Navigating the Regulatory Landscape in Healthcare Mergers and Acquisitions

Healthcare mergers and acquisitions transactions are subject to a range of federal and state regulations designed to prevent providers from gaining an unfair advantage over the government or patients. These regulations include the False Claims Act, Anti-Kickback Statute, Physicians Self-Referral Law, Exclusion Authorities, and Civil Monetary Penalties Law. Violations of these regulations can result in significant fines and civil and criminal charges.

Due diligence in healthcare M&A transactions must include a review of physician contracts and financial relationships, an evaluation of claims and billing systems for compliance with federal regulations, and an assessment of state restrictions on physician employment. In addition, healthcare M&A transactions must comply with antitrust laws, privacy and data security regulations, and licensure and certification requirements.

The Federal Trade Commission (FTC) and the Department of Justice (DOJ) closely scrutinize healthcare M&A transactions involving consolidation or affiliation. In 2017, the DOJ denied the merger between Aetna Inc. and Humana Inc. due to competition concerns. The DOJ generally favors vertical mergers when parties are willing to divest potential antitrust risks.

Post-transaction integration in healthcare M&A requires changes to ensure compliance with regulations, facilitate the integration of facilities, and create long-term synergy. These changes include updating policies and procedures, reorganizing the management structure, and integrating technology systems.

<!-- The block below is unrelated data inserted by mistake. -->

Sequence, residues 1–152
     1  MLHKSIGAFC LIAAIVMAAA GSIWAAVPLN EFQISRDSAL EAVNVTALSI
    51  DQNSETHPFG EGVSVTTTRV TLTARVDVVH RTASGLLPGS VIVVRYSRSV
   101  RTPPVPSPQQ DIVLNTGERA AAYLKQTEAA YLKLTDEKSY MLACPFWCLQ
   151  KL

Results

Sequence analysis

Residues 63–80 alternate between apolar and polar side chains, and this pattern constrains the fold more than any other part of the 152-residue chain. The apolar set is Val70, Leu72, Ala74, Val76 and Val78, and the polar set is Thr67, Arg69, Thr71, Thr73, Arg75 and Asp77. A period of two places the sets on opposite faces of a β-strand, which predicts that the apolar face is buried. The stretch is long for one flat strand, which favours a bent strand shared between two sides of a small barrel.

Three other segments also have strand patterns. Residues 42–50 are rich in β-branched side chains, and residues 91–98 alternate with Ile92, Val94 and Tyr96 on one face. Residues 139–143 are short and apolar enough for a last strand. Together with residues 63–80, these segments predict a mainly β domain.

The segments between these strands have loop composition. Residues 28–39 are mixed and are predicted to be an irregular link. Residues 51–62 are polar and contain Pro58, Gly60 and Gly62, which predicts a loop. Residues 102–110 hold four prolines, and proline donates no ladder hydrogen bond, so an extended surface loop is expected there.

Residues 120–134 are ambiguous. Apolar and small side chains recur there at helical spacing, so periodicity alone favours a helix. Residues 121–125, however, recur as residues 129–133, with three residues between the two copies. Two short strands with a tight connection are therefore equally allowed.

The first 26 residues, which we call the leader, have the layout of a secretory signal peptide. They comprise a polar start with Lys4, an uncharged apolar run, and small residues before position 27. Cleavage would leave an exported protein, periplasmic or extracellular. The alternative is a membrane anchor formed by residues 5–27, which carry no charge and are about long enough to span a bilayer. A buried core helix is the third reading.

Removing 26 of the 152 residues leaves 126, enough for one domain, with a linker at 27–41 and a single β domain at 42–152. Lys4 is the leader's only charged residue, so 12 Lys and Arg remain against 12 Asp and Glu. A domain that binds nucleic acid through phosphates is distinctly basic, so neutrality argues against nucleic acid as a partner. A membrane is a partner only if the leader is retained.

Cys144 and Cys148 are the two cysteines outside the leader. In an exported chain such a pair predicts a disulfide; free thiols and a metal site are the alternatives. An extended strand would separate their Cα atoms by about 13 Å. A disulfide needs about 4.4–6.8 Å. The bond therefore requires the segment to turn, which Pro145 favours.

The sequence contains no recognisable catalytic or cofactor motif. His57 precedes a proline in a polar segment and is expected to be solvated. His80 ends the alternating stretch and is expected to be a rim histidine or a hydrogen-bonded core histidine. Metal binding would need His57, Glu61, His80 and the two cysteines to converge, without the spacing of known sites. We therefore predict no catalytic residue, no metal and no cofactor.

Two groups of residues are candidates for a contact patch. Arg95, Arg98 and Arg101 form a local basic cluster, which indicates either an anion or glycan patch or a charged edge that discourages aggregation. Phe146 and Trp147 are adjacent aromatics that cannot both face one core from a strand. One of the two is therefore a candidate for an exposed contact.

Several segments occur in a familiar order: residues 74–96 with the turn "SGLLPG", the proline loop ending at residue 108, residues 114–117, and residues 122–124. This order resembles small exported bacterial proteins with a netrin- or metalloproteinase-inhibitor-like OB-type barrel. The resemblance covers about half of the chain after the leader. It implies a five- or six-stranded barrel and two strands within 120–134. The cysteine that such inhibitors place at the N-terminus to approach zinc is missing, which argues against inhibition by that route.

Healthcare Mergers & Acquisitions Execution

When executing healthcare M&A transactions, it is crucial to consider potential antitrust risks, as well as privacy and data security laws. The FTC and DOJ closely examine consolidation and affiliation transactions. The DOJ may require divestitures to address potential competition concerns.

To ensure compliance with federal regulations such as the False Claims Act, Anti-Kickback Statute, and Stark Law, as well as state-specific corporate practice of medicine laws, thorough due diligence, is necessary. This includes analyzing physician contracts and financial ties, claims and billing systems, and compliance with licensure and certification requirements.

In conclusion, healthcare M&A transactions are subject to a complex web of federal and state regulations. Companies must conduct comprehensive due diligence and make post-transaction adjustments to ensure compliance and enable the integration for long-term success.


[2] False Claims Act [31 U.S.C. § § 3729-3733]

[3] Anti-Kickback Statute [42 U.S.C. § 1320a-7b(b)]

[4] Physician Self-Referral Law [42 U.S.C. § 1395nn]

[5] Exclusion Statute [42 U.S.C. § 1320a-7]

[6] Painless Parker v. Board of Dental Examiners, 216 Cal. 285, 14 P.2d 67 (1932

[7] U.S v Aetna Inc,



[10] 29 U.S. Code § 2102 – Notice required before plant closings and mass layoffs

[11] 29 U.S. Code § 2104(a)

[12] 29 U.S. Code § 2102(a)3


[14] Duff & Phelps, Healthcare Services Sector Update Dec. 2017



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